- If something goes wrong on your trip, tell someone. If you have a rude cast member experience or terrible service, in general, let them know you’re dissatisfied. I don’t condone nitpicking and looking for a problem but if there is a legitimate problem let someone know, more likely than not they will give you a free FastPass to make up for your negative experience. Again, don’t just look for a problem and please don’t create one.
- When you’re in a park with fewer rides and a family that doesn’t always wanna ride the same things, take the opportunity to get on a ride back to back. For example, my oldest daughter and I LOVE the Hollywood Tower of Terror but my husband and youngest daughter HATE it. So we book one for everyone and after my oldest daughter and I ride we swap our band out and ride again using my husband and younger daughter’s passes.
- You don’t all have to ride the same thing! You can assign certain rides for certain people so no one feels like they are being forced to ride something. It’s also an easy way to deal with having an older child and younger child or if you have a large group of people.
- Not every ride will be available so choose carefully.
- There are only a certain number of FastPasses for each ride, each day. Once they are gone, they’re gone.
- Bonus tip – kids under three do not need a FastPass. They walk right on with an adult.
How to choose what to FastPass+
Choose carefully when you’re booking your FastPass+ because some rides don’t really require a FastPass. The Barnstormer in the Magic Kingdom is a good example of this. The ride itself is rather short and it’s for younger kids so the wait never really exceeds an hour at the most. Also, some rides, in my opinion, are not worth wasting a fast pass on, like the Seven Dwarf’s Mine Train. It’s fun but way too short and if you watch it closely on the Walt Disney World Resort App you can usually find it within a reasonable waiting period. I would also say the same for It’s a Small World. It’s a continuous ride that holds a lot of people at a time, so waiting is never really an issue.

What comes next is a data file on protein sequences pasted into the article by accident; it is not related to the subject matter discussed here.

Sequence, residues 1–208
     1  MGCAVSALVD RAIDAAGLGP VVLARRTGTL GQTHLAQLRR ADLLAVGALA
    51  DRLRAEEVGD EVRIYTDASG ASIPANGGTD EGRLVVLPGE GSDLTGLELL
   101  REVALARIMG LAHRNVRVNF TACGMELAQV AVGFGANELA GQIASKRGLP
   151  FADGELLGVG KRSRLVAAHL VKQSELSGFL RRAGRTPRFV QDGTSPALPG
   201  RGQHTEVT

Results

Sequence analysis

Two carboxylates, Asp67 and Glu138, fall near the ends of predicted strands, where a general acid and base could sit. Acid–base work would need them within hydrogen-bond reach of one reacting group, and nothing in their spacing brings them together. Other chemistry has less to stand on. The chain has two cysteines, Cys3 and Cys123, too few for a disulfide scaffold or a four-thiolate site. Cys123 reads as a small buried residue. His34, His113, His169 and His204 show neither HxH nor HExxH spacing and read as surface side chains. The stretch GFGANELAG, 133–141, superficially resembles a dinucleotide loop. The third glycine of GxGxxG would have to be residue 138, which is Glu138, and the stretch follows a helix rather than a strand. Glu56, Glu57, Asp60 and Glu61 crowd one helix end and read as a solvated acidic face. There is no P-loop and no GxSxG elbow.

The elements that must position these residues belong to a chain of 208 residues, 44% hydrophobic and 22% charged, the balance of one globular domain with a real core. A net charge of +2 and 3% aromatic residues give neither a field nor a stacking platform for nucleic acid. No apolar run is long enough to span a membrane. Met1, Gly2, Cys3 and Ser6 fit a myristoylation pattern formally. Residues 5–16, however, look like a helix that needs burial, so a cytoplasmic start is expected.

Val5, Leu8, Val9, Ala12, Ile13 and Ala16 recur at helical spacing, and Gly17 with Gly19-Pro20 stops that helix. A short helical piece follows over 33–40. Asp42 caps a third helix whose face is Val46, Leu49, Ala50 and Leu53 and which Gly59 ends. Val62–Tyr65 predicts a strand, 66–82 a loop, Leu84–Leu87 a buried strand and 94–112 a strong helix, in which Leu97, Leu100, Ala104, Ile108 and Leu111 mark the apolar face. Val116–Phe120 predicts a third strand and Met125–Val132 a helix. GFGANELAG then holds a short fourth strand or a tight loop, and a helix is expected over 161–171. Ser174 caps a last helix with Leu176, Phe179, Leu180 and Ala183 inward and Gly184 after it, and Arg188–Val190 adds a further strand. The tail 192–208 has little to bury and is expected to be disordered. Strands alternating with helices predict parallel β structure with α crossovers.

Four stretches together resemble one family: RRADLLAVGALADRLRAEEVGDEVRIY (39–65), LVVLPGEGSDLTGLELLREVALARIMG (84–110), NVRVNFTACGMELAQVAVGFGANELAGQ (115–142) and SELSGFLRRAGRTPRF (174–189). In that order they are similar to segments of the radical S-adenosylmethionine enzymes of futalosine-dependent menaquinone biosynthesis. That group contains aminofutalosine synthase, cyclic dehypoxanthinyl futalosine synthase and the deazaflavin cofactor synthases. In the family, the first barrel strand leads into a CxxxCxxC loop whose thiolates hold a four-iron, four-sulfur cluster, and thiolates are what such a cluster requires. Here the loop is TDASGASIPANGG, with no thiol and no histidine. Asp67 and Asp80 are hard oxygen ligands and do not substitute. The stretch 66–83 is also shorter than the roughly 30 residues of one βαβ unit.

I will say that if you have a fan of Peter Pan in your group you should definitely book Peter Pan’s Flight. It always has a long wait and it’s a great ride even if you’re not a die-hard Peter Pan fan. If you have little ones or someone that REALLY wants to meet a certain character you can book some Character meets, I would say the only one in the Magic Kingdom you would actually need to book is Princess Hall.
If you’re in Epcot you really only have a few options to FastPass. I always suggest Soarin’ it’s one of the best rides there. If you have a speed demon or a car junkie in your bunch I say that the Test Track is something to consider booking. But beware because you can’t book The Test Track and Soarin’ together! Don’t waste a FastPass on The Finding Nemo Ride, it’s almost never a long wait as it’s also a ride that moves continuously.
Animal Kingdom has a lot to offer since they opened up Pandora. The worst part about Pandora is that it’s so new that sometimes it’s too crowded. You also can’t book both Pandora rides at the same time. Animal Kingdom doesn’t have very long wait times usually but I would suggest booking Expedition Everest because it’s one of the more popular rides there.
Hollywood Studios is still the smallest park even though they just opened Toy Story Land. It’s hard to choose what to FastPass since they have so many great rides. We always book the Tower of Terror because it’s so popular, and we book Toy Story Mania. You can’t book the Rockin’ Rollercoaster and Toy Story Mania at the same time. You can only book one or the other. So we always book something else and when our FastPasses are done we book the Rockin’ Rollercoaster.
For our third FastPass, we always choose Fantasmic, because the amphitheater fills up to capacity fast and you don’t want to miss it.
Hope these tips help you navigate the waters of Walt Disney World’s FastPass+